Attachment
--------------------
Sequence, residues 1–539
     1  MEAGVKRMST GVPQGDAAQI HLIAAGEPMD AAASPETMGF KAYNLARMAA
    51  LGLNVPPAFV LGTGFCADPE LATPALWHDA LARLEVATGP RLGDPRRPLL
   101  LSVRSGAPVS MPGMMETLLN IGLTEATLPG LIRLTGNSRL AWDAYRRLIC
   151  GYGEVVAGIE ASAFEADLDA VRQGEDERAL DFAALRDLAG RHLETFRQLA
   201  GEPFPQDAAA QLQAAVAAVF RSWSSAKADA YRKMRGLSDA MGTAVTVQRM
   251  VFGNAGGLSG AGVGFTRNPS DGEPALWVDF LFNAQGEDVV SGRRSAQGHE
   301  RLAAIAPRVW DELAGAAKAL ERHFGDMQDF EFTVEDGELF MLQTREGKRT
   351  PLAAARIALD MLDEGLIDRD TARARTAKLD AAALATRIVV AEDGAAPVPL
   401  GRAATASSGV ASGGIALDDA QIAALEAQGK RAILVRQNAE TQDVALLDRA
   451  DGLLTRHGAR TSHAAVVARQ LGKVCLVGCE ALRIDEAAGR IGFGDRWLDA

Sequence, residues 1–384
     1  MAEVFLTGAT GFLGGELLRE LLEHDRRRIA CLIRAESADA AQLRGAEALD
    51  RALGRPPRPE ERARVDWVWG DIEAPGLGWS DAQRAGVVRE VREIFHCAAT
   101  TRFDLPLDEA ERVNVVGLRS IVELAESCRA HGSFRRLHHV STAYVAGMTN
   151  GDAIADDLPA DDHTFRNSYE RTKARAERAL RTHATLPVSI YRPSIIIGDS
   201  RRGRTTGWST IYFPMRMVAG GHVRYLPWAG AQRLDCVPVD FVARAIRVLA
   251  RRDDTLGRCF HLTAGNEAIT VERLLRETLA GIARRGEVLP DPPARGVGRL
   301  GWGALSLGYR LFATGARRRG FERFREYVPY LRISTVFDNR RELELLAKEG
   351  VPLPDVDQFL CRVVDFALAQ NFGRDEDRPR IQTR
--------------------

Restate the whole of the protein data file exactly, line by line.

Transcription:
Sequence, residues 1–539
     1  MEAGVKRMST GVPQGDAAQI HLIAAGEPMD AAASPETMGF KAYNLARMAA
    51  LGLNVPPAFV LGTGFCADPE LATPALWHDA LARLEVATGP RLGDPRRPLL
   101  LSVRSGAPVS MPGMMETLLN IGLTEATLPG LIRLTGNSRL AWDAYRRLIC
   151  GYGEVVAGIE ASAFEADLDA VRQGEDERAL DFAALRDLAG RHLETFRQLA
   201  GEPFPQDAAA QLQAAVAAVF RSWSSAKADA YRKMRGLSDA MGTAVTVQRM
   251  VFGNAGGLSG AGVGFTRNPS DGEPALWVDF LFNAQGEDVV SGRRSAQGHE
   301  RLAAIAPRVW DELAGAAKAL ERHFGDMQDF EFTVEDGELF MLQTREGKRT
   351  PLAAARIALD MLDEGLIDRD TARARTAKLD AAALATRIVV AEDGAAPVPL
   401  GRAATASSGV ASGGIALDDA QIAALEAQGK RAILVRQNAE TQDVALLDRA
   451  DGLLTRHGAR TSHAAVVARQ LGKVCLVGCE ALRIDEAAGR IGFGDRWLDA

Sequence, residues 1–384
     1  MAEVFLTGAT GFLGGELLRE LLEHDRRRIA CLIRAESADA AQLRGAEALD
    51  RALGRPPRPE ERARVDWVWG DIEAPGLGWS DAQRAGVVRE VREIFHCAAT
   101  TRFDLPLDEA ERVNVVGLRS IVELAESCRA HGSFRRLHHV STAYVAGMTN
   151  GDAIADDLPA DDHTFRNSYE RTKARAERAL RTHATLPVSI YRPSIIIGDS
   201  RRGRTTGWST IYFPMRMVAG GHVRYLPWAG AQRLDCVPVD FVARAIRVLA
   251  RRDDTLGRCF HLTAGNEAIT VERLLRETLA GIARRGEVLP DPPARGVGRL
   301  GWGALSLGYR LFATGARRRG FERFREYVPY LRISTVFDNR RELELLAKEG
   351  VPLPDVDQFL CRVVDFALAQ NFGRDEDRPR IQTR